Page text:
Across the 20th century, intellectuals played an important role in political parties and governments, both democratic and authoritarian. According to Richmond University’s Professor of Politics Eunice Goes, intellectuals perform several roles in the policymaking process.

They help politicians make sense of the world. They offer cause-effect explanations of political and economic phenomena, and diagnoses and prescriptions to policy puzzles. They also help political actors develop ideas and narratives that are consistent with their ideological traditions and political goals. 

But in this century, politics has often witnessed a backlash against the presence of intellectuals in political parties and in governments. This is likely due to the strengthening of the parallel tradition of anti-intellectualism, which was always (and still is) active in various polities.

This tradition has been more active in right-wing groups. It was especially strengthened by the rise of populist politics in many countries in the 2010s. But mainstream political outfits in Europe and the US still induct the services of intellectuals, even though this ploy has greatly been eroded in the Republican Party in the US after it wholeheartedly embraced populism in 2016, and still seems to be engulfed by it. 

The recent rise of populist politics has greatly reduced the role of intellectuals in political parties and governments. This is because populism is inherently anti-intellectual

Since the 1930s, the Democratic Party in the US has always had the largest presence of intellectuals in it. This policy was initiated during the four presidential terms of the Democratic Party’s Franklin D. Roosevelt (1932-45), during which time a large number of intellectuals were inducted. Their role was to aid the government in bailing the US out of a tumultuous economic crisis, and to develop a narrative to neutralise the increasing appeal of organisations on the far right and the far left. This tradition of inducting intellectuals continued to be employed by the Democrats for decades.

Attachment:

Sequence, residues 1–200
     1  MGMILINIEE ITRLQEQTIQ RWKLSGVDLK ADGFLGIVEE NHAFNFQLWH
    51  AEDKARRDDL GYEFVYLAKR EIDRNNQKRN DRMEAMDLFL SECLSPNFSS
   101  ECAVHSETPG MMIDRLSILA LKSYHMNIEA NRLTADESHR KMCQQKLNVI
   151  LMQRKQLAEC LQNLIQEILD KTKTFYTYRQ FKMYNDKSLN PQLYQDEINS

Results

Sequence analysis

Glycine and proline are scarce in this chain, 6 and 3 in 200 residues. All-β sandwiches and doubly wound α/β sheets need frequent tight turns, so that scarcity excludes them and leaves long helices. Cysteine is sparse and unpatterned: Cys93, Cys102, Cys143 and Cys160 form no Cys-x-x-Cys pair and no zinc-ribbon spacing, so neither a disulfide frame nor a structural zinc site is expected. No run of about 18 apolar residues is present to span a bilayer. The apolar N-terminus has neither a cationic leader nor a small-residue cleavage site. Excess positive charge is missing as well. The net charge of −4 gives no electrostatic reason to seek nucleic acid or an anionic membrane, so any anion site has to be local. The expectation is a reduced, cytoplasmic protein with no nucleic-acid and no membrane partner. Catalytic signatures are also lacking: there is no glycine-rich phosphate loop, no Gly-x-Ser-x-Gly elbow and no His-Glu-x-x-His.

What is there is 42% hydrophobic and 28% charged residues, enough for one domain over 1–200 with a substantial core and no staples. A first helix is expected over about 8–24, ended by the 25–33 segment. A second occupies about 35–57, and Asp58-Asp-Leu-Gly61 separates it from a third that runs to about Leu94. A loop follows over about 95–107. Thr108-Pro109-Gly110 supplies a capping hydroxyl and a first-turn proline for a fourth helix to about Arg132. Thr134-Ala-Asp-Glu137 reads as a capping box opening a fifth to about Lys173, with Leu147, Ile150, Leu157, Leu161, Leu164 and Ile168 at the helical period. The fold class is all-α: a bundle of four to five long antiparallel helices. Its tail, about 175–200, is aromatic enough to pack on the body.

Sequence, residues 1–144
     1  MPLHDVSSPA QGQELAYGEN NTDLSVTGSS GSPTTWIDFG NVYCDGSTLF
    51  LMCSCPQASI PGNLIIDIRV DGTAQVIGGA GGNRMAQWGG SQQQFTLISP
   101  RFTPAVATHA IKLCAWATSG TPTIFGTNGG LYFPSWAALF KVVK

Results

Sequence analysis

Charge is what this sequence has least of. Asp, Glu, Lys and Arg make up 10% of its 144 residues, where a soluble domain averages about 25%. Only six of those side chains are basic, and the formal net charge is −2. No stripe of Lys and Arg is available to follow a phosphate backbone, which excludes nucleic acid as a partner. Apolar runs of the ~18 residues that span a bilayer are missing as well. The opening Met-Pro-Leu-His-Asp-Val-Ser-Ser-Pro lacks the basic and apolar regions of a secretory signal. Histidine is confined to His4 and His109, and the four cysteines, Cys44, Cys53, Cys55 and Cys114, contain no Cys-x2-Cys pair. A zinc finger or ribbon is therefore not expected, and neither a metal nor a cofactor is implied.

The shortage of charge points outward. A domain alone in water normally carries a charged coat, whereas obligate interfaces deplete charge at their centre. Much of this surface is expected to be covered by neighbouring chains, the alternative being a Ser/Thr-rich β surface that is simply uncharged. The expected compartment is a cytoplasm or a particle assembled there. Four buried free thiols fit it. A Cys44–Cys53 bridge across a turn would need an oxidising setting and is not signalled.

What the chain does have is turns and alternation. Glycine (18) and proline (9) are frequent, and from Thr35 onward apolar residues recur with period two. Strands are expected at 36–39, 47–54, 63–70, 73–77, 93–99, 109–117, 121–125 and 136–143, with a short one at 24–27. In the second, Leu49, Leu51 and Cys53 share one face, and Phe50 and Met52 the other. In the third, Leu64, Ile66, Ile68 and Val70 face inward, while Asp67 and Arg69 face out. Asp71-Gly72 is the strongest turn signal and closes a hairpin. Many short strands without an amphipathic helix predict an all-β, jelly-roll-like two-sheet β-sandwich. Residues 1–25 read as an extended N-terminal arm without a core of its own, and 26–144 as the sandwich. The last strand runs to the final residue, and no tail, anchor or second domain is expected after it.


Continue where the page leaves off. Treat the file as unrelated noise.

Interestingly, even though the Republican Party has had an anti-intellectual dimension ever since the early 20th century, it carried with it intellectuals to counter intellectuals active in the Democratic Party. This was specifically true during the presidencies of the Republican Ronald Reagan (1981-88) who was, in fact, propelled to power by an intellectual movement led by conservatives and some former liberals. This movement evolved into becoming ‘neo-conservatism’ during the Reagan presidencies. Britain’s Labour Party and Conservative Party have carried with them intellectuals as well, especially the Labour Party.

Some totalitarian regimes too employed the services of intellectuals in the Soviet Union, Germany and Italy. The Soviet dictator Stalin was not very kind to intellectuals, though. But intellectuals played a major role in shaping Soviet communism. Hitler’s Nazi regime had the services of some of the period’s finest minds in Germany, such as the philosophers Carl Schmitt and Martin Heidegger, the logician Rudolf Carnap, and a host of others.

They helped Hitler mould Nazism into an all-encompassing ideology. Just how could some extremely intelligent men start to both romance as well as rationalise a brutal ideology is a topic that has often been investigated, but it is beyond the scope of this column.